Friday, 19 February 2016

Time for the Lost by Chess Desalls (Call to Search Everywhen, #3) - Book Review - Indie

2/5 Stars

The Uproar had prematurely ended my father's already short lifespan.

I couldn't let it happen again.

Not with Calla...


Edition: Kindle
Pages: 237 (Roughly.)
Chapters: 37 (Plus a prologue and an epilogue.)
Publisher: Czidor Lore, LLC

Book Links: Goodreads
                      Author's Website


Damn! Damn! Damn!

I know it's inevitable, but I hate when I don't enjoy a book... I'll try and be constructive and concise, because as you can see from my reviews for entries one and two, I rather like this series.

Time for the Lost is the third instalment to the sci-fi series that focuses on nifty time and space travel. The travelling is fun; the locations are vivid; and the world is huge. But, perhaps it is too huge. Time for the Lost, unfortunately, doesn't feel stable with its plotting or characters. There's no logical progression, just tangents upon tangents. Several paths will be put before the cast, we'll even work through it with them, only to dive off in a completely different direction.

The cast, usually unique, also lets the plot down. Mainly due to the frustration that they seem to understand things perfectly while the reader is left hanging in the wind.

Synopsis (Not a copy from the book, but I always keep my interpretations close.)

Calla is missing and no one can track her.
Afraid that she is one of the Lost, time and space travelers who disappear altogether, Valcas sets out in search.
But finding her has ramifications too horrid to believe.
It seems a massive conspiracy is afoot, with a prominent world on the brink of war with an equally prominent organisation.
And our group are front and center...

Plot - 1.5/5 Stars

I get the feeling that author is trying to be philosophically complex inside Time for the Lost, but it messes drastically with the world's rules, at least, the rules that make sense. I recommend reading the previous books for the coalescing plot threads in this entry, but even then you might find yourself out of your depth. There are too many ifs and buts, and with the series amassing a plethora of questions, I hoped we'd have an equal number of answers.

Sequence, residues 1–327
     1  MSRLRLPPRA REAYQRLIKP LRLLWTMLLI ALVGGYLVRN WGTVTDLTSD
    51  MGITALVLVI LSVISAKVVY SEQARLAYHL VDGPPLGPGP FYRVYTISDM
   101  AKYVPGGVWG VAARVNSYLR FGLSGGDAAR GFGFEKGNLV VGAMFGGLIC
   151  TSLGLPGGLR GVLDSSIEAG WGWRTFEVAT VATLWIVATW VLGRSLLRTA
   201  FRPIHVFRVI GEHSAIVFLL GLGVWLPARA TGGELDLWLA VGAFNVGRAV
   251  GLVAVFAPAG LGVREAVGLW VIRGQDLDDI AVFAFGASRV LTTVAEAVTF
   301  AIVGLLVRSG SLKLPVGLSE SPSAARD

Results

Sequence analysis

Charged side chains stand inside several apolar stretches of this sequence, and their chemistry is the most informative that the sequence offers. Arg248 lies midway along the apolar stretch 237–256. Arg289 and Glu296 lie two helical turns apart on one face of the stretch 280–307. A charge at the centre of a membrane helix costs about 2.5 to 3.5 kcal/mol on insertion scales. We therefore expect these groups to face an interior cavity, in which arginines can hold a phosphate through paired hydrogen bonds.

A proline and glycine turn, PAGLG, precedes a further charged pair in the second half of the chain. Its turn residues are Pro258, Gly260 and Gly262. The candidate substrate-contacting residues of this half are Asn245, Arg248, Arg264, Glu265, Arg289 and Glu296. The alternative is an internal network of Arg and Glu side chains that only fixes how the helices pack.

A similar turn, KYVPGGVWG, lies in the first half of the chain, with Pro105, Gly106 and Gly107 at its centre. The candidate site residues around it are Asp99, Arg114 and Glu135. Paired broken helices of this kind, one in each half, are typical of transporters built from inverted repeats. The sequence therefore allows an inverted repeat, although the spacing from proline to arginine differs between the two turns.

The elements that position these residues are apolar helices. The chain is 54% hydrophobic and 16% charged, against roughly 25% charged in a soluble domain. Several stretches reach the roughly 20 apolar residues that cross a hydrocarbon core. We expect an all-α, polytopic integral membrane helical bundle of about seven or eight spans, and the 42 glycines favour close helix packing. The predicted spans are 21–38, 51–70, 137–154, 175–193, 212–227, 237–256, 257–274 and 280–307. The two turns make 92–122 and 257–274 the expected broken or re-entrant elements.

And, in a way, there are a lot of resolutions, but they don't come across well.

The convolution stains the story, leaving the reader wondering what exactly are the motivations and goals. The time and space aspects sometimes conflict with one another, so it's probably best to try and not scrutinise them too much. Answers don't follow any logical path, and I feel that there's a supernatural element in the background to explain random leaps in rationale. 

I love the more conspiratorial threads of the plot, but they're not capitalised on. Just when I thought the overarching plot was coming into focus, the novel ends. It's entirely possible it'll come up again in any future entries, but it leaves the rest of story rather unnecessary.

Pace - 2/5 Stars

Chess's wonderful writing does smooth the way forward, but the discrepancies and hard-to-follow plot stunt the pace quite a bit. You will, most likely, and quite frequently, be reading passages over and over again and still not get to the point they're trying to make.

Characters - 2/5 Stars

I have a certain warmth for the cast; some of them have had fantastic arcs and development. Time for the Lost, however, uses them more as pawns than living, breathing creations. The novel is split in two: One half from Valcas's point of view, and the other from Calla's. But this just adds more of a disconnect. 

New characters pop up too, but their entrances frustrate me for one reason: Happy coincidences. Strangers shoot to the surface with much needed solutions just when they're needed. The author tries to tie in some of the original characters' mysteries with the overall plot, but it feels forced and too helpful.

Writing - 3/5 Stars

Chess has a solid grasp on her craft, building visuals beautifully. The adventures and locations are fantastic highlights. But, and I hate buts, when it comes to straight-up answers things become far too flowery. It muddies whatever explanation is trying to be made to the point that the reader doesn't have a clue what's being talked about. 

Overall - 2/5 Stars

I will be reading any future entries, mainly because there is a gem of a world under all the confusion. Plus, it could always just be me and my lack of perception. I hate when I feel like it's me that's missed something important...

Previous Instalment: Insight Kindling

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